After Collinson and Don left, defendant and Grant decided that they could financially exploit their story of defendant's ‘occupation’ by offering defendant's services as a killer, collect downpayments from ‘clients,’ and then leave for Canada. As these prospective ‘clients' would not report the proposed thefts of the downpayments to the police, defendant and Grant would not be prosecuted. Using a fictitious name, defendant then purchased the materials for the bomb that he would use to convince his ‘clients' that he was a professional assassin. Defendant had constructed the bomb before he received Collinson's telephone call on April 3 because he relied on Collinson's promise that he would find a ‘client.’ Defendant bought no blasting caps because he did not intend to explode the device or to injure anyone.
Despite his representations to Vierra, defendant, in fact had never murdered anyone; nor had he worked for the Mafia in Chicago. Defendant showed the second stick of dynamite to Vierra to convince him of his sincerity and copied Vierra's information about the victim on a separate sheet of paper to ‘add intrigue;’ to add realism, he told Vierra to establish an alibi. Defendant admitted that he had no permit authorizing him to own or possess dynamite, as required by statute. (Health & Saf.Code, s 12303).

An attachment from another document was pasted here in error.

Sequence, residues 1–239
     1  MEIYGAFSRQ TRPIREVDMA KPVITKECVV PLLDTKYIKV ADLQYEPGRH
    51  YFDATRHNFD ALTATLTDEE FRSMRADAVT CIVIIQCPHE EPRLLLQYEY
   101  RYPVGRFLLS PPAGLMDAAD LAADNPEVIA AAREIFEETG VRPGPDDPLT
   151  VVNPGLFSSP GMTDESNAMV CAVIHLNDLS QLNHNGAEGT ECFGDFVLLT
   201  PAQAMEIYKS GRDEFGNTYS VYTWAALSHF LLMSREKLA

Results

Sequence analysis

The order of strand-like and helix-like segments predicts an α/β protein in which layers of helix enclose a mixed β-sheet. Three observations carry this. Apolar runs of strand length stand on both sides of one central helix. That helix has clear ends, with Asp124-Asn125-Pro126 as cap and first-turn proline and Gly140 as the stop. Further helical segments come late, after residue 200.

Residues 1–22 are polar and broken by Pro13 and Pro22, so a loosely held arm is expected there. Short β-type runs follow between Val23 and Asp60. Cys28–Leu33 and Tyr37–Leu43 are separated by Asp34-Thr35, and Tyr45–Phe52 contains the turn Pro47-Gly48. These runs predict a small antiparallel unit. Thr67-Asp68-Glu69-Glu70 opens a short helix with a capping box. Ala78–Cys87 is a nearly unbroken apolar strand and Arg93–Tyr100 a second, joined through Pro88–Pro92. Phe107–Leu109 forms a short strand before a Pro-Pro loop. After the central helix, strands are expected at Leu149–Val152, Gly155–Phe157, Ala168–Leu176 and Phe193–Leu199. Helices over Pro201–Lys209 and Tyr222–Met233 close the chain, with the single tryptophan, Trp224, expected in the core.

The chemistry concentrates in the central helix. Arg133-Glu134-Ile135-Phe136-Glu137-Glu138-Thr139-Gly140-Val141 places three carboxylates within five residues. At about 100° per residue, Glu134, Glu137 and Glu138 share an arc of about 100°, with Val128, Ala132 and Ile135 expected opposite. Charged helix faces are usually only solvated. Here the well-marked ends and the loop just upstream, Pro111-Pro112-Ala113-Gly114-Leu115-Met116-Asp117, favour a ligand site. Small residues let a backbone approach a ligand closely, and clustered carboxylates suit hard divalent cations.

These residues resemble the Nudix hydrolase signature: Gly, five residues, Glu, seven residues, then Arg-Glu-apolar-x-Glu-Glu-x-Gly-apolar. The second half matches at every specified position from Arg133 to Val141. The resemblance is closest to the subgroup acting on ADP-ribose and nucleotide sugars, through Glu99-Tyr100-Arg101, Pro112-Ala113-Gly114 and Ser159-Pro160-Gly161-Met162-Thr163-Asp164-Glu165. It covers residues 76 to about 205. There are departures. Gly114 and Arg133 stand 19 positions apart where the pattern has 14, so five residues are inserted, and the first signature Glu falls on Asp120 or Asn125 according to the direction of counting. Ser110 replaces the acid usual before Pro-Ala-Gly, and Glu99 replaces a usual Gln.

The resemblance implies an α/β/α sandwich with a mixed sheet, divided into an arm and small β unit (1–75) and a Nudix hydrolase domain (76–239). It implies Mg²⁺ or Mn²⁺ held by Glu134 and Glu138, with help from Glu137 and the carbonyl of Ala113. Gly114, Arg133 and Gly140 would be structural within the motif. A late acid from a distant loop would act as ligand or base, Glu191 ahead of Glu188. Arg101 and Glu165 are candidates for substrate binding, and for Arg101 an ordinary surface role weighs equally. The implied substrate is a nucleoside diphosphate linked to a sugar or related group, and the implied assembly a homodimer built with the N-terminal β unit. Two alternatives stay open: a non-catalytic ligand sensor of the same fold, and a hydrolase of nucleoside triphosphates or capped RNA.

Keith Britton, the president of a corporation that manufactures explosives, testified that the two-year-old dynamite was still safe on the basis of a photograph of the dynamite possessed by defendant and taken prior to its disposition by Timmons. Britton characterized defendant's bomb as ‘highly amateur,’ revealing that its maker had little knowledge of explosive. For example, the bomb had four times the battery power necessary to detonate it; thus, because of the way that the dynamite was mounted, four-fifths of the energy would be wasted upon detonation. In addition, the whole device was too large and conspicuous. The attached mercury switch was ‘very professional’ but not suited to the device, as after the explosion, the components would not be totally destroyed and could be traced.
The pertinent statutory provisions are: Penal Code section 12303.2: ‘Every person who recklessly or maliciously4 has in his possession any destructive device or any explosive on a public street or highway, in or near any theater, hall, school, college, church, hotel, other public building, or private habitation, in, on, or near any aircraft, railway passenger train, car, cable road or cable car, vessel engaged in carrying passengers for hire, or other public place ordinarily passed by human beings is guilty of a felony, and shall be punishable by imprisonment in the state prison for a period of not less than five years.’